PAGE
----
You don’t need to hover. But you want your dog to care that you’re there too. And to know they can come to you if they have a problem.
Many people who visit dog parks plop themselves down in one spot with their coffee or cell phone and don’t move until they’re ready to go. No wonder their dog doesn’t pay any attention to them. They know nothing short of a hurricane (or losing reception) would shift their person.
When I take Honey to the dog park, I am constantly on the move. As a result, I see her pause while playing with another dog to look for me. Once she spots me, she returns to her play. It keeps us connected. And it means that when it’s time to go, all I need to do is start walking toward the exit.
If your dog doesn’t have that intense urge to be with his human (and don’t feel bad, some dogs are just motivated by different things), use something important to him to keep you connected—perhaps a favorite ball or a dirty pair of socks rolled up in a baggie in your pocket. If your dog knows you have surprises, he’ll be more likely to keep an eye on you to see what you do next.
#7 Call Your Dog Before It’s Time To Leave
How many times have you heard this at the dog park? “Buster. Buster, come. Buuuuussssssssterrrrrrr, get over here.” Usually it’s followed by a person chasing Buster with a leash and pulling him to the exit.
If a dog is having fun, why would he come to you knowing the fun is going to end? Dogs aren’t stupid.
When we’re at the park, I call Honey to me occasionally. Sometimes I want her to take a little rest from playing. But usually I give her a scratch and tell her to go play. Honey always comes when I call her because she trusts me not to end the fun every time she does.
#8 Leave Your Dog’s Favorite Toy At Home
With visiting foster dogs, we’ve had to work on Honey’s natural protectiveness toward balls. When a new dog comes into the house, we put away all toys until we have time to observe how well Honey and our guest dog will share.
That’s why I went nuts when the dog owner I met at the park told me he was hoping the other dogs would teach his dog to share his toys.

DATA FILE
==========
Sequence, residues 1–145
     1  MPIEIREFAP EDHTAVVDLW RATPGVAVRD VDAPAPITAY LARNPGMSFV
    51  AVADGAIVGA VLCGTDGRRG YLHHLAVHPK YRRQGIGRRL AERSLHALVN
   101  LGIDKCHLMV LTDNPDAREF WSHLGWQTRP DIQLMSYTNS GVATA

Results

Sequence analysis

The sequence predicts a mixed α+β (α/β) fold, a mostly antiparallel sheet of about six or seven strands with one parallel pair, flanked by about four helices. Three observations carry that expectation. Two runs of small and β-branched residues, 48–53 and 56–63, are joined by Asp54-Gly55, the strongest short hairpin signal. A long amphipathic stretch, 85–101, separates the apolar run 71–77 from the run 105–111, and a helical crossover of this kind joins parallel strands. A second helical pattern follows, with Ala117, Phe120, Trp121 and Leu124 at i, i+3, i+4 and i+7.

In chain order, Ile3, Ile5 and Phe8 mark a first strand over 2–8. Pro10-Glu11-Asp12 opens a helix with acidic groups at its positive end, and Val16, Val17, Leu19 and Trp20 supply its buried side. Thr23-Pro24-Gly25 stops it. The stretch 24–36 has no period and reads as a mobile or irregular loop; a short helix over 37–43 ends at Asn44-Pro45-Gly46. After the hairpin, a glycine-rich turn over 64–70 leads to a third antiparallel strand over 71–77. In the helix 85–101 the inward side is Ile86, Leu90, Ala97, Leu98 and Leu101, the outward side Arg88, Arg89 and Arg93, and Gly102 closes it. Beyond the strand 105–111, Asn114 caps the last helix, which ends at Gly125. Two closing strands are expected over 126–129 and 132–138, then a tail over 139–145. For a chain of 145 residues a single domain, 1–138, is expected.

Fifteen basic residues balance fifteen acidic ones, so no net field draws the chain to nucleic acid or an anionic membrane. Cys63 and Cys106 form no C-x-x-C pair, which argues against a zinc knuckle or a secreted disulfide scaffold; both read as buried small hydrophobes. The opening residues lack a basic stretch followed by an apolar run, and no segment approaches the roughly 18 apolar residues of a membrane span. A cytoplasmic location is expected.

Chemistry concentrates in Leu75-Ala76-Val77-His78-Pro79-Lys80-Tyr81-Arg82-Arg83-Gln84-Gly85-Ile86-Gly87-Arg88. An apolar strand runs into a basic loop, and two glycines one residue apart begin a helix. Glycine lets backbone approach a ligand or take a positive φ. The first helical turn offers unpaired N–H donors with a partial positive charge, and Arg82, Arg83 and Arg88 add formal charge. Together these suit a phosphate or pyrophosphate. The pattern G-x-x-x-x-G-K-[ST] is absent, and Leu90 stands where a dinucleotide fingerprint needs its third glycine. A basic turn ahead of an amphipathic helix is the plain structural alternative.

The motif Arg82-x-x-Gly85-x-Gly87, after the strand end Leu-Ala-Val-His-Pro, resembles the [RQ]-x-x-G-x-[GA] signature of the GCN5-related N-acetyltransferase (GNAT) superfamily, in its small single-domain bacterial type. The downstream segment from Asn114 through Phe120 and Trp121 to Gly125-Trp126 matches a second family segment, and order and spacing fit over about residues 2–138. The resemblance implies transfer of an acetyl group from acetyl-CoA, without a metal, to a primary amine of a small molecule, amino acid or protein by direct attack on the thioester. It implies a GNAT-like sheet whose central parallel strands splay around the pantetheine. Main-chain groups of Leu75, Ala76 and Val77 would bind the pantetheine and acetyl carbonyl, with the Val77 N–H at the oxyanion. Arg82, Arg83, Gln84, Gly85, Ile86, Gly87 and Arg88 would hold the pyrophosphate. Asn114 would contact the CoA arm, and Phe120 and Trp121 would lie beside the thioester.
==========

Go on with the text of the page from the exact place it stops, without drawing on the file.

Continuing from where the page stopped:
Uh, yeah. Great idea. Especially if you like training methods that end with a vet visit and twenty stitches.
#9 Keep An Eye On The Entrance/Exit
The most tense area of the dog park is the entrance/exit.
Some dogs will gang up on new dogs coming in, leaving them little room to move away. We only enter or leave the park when the area around the gates is empty. Once I see a quiet time around the entrance, we leave quickly and quietly to avoid drama.
And finally, the most important tip of all:
#10 If Your Dog Doesn’t Like Playing With Other Dogs, Don’t Go To The Dog Park
Not all dogs like dog parks.
Some dogs don’t enjoy playing with other dogs. Just like some people hate going to cocktail parties or don’t read romance novels. If your dog doesn’t like dog parks, don’t make him go.
You’re not a bad human because your dog doesn’t get to play with other dogs. He may not want to. He probably just wants to spend time with you.
And some dogs who like playing with special friends may still not like the dog park. Arrange a play date for your dog. And leave the dog park to dogs who enjoy it.
Note: I assume your dog is polite at the dog park and you want to protect him from the bad behavior of others. But if you suspect your dog might be rude kid at the playground, check out Dr. Sophia Yin’s excellent illustrated post on dog park etiquette.
Your Turn: Dog Parks – Do you love them or hate them? How about your dog? If you visit dog parks, do you have any tips to add?